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Hilbert Transform Filters, and Other
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Hilbert Transform filters are just one of the several types of Special Phase Adjusted Filters that are possible. A band pass filter is the only filter type that allows us to set the phase to any value we desire. The other three filter types are constrained by the fact their phase is predetermined at zero and ±Pi.

A brief look at the ideal Hilbert Transform.
To start, here is an ideal Hilbert Transform. It's phase response is 90 degrees all frequencies. Notice however, that this waveform starts before t = 0. This is fine for pure mathematical constructs, but a serious problem for engineers that want to implement it in hardware (it is non-causal). Thus, to implement a Hilbert Transform, we must move this waveform to the right. This is the same as saying we will give it delay, which is the same as saying we must change its constant 90 degree phase into a phase with slope. The amount of slope is determined by the amount of delay we give it.

Hilbert Transform Filters.
To start, we show the frequency response for a 65 tap, 90 degree, Hilbert Transform Filter.

A Hilbert Filter can be confusing because it would seem that the phase plot should be a constant 90 degrees, but as you can see, the phase for this Hilbert filter is anything but constant. The reason of course, is the delay we are forced to use in order to construct this filter.

The phase plot on the right is what we expect to see, but this is Hilbert Phase, not ordinary phase. Hilbert Phase is the phase of the response after it has been multiplied by the Laplace time delay operator as described here . A constant 90 degree Hilbert Phase means that a filter will add 90 degrees more phase to a signal than a reference device with the same group delay as the filter. This diagram illustrates this point. In the diagram, the reference device is a delay line. Delay lines have perfectly linear phase at all frequencies starting at DC. The phase at DC is zero, and the slope of the phase is determined by the length of the delay.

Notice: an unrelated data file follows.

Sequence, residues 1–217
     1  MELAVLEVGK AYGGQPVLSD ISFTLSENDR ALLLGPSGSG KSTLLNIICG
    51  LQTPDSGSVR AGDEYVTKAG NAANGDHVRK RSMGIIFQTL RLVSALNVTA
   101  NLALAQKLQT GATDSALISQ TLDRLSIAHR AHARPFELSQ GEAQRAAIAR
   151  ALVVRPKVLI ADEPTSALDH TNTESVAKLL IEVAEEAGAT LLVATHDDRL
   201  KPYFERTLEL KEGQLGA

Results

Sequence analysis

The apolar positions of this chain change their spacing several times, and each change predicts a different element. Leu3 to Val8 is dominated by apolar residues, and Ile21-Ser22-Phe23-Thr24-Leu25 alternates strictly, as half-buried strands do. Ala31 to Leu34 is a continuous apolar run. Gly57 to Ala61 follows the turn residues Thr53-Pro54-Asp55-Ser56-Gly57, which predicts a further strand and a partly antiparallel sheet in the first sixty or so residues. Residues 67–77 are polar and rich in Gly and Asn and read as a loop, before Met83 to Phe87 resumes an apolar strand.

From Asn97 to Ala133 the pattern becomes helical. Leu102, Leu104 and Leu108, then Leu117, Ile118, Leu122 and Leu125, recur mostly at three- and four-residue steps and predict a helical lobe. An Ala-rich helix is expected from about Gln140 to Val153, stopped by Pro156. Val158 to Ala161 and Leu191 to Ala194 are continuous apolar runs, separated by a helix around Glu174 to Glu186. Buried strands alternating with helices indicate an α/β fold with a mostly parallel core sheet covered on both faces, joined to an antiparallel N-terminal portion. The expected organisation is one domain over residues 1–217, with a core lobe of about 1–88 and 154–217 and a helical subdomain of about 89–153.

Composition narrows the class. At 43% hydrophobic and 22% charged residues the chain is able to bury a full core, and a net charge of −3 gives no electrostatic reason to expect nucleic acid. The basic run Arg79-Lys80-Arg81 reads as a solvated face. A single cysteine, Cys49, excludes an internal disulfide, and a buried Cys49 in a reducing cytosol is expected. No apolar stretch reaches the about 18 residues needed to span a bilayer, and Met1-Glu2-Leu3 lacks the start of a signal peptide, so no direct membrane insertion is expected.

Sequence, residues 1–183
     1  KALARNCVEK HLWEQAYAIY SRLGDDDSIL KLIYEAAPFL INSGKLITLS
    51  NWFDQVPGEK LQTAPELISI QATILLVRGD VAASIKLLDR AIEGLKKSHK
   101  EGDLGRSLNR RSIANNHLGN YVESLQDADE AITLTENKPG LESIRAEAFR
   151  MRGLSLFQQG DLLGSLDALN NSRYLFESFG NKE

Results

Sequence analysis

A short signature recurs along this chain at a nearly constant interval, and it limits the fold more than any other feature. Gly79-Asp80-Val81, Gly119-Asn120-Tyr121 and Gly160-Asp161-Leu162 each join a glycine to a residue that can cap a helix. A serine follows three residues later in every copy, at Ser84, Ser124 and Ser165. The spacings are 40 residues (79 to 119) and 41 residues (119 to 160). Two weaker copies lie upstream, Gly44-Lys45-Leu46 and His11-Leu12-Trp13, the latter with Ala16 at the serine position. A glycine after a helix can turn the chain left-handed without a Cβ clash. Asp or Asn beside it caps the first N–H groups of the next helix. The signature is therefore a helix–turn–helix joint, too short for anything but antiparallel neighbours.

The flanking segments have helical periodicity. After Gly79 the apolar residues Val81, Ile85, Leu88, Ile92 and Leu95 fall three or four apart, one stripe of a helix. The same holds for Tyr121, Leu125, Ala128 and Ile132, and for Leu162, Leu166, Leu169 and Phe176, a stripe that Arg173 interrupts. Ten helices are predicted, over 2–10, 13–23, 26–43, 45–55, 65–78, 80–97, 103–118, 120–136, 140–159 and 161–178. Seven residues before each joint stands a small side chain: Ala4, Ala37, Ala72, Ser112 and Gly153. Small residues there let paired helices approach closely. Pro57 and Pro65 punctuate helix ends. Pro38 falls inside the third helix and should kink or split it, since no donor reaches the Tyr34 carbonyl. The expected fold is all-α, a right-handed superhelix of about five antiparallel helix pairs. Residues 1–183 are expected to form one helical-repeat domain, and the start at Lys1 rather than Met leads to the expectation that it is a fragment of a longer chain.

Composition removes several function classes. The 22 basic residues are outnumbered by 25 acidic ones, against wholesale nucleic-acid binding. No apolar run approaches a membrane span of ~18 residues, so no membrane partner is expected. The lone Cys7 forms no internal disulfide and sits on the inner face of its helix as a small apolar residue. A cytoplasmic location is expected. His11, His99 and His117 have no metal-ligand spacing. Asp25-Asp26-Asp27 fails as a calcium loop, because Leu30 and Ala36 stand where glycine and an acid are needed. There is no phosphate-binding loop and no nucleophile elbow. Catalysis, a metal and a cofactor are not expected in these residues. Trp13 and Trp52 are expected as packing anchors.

As the diagram shows, a Hilbert Transform Filter will have 90 degrees more phase shift at all frequencies in its pass band than the delay line. One use for a Hilbert Transform Filter is in the generation of single sideband. In order to generate single sideband, we must add a 180 and 0 degree phase shifted version of the signal to itself, as shown in the diagram below. In this type of single sideband generator, the Hilbert Filter must be paired with a delay line that is the same length as the filters group delay (typically (N-1)/2). This is a plot of the single side band spectrum using a 65 tap Hilbert Transform filter. Phase Adjusted FIR Band Pass Filters.

The Iowa Hills Hilbert Filter Designer synthesizes a number of special band pass filters. Band pass filters are different from low pass, high pass, and notch filters, in that the phase of the filter isn't predetermined at zero and Pi. The phase must be zero at 0 Hz for a low pass and notch, and the phase must be zero at Pi for a high pass and notch (180 deg if these filters invert the signal). Only the band pass, which has a magnitude of zero at DC and Pi, allows us to set its phase to any value in the pass band .

This plot shows how the phase of a 31 tap band pass filter can be adjusted from -135 to +135 degrees. The group delay is 15 for all phases, and the magnitude varies a small amount as the phase is adjusted. This diagram shows how we can use a pair of phase shifted band pass filters to generate single side band. Instead of using a single Hilbert filter with 90 degrees of phase shift, we used a pair of matched filters with a 90 degrees phase difference between them. There are two advantages to this. First, we can generate narrow band SSB, and second, the filter's pass band need not be flat at 0 dB to attain good side band suppression. The two filters simply need to be matched. This is a plot of one of the 45 degree Hilbert's used to generate SSB. Note that the bandwidth is not full width, as is typically the case for Hilbert filters.  Differentiator Band Pass Filter

This plot shows the response of a 32 tap differentiator. The magnitude plot is linear (not in dB) and shows a 6 dB per octave slope. Mixed Band Pass Filter

Here is a dual band pass response obtained by mixing a filter's coefficients with a local oscillator. Screen shot of the free Hilbert Filter program.  Available on the Download Page The program's test bench allows the user to test these filters in a single sideband generator (an excellent way to test for gain and phase flatness).  Available on the Download Page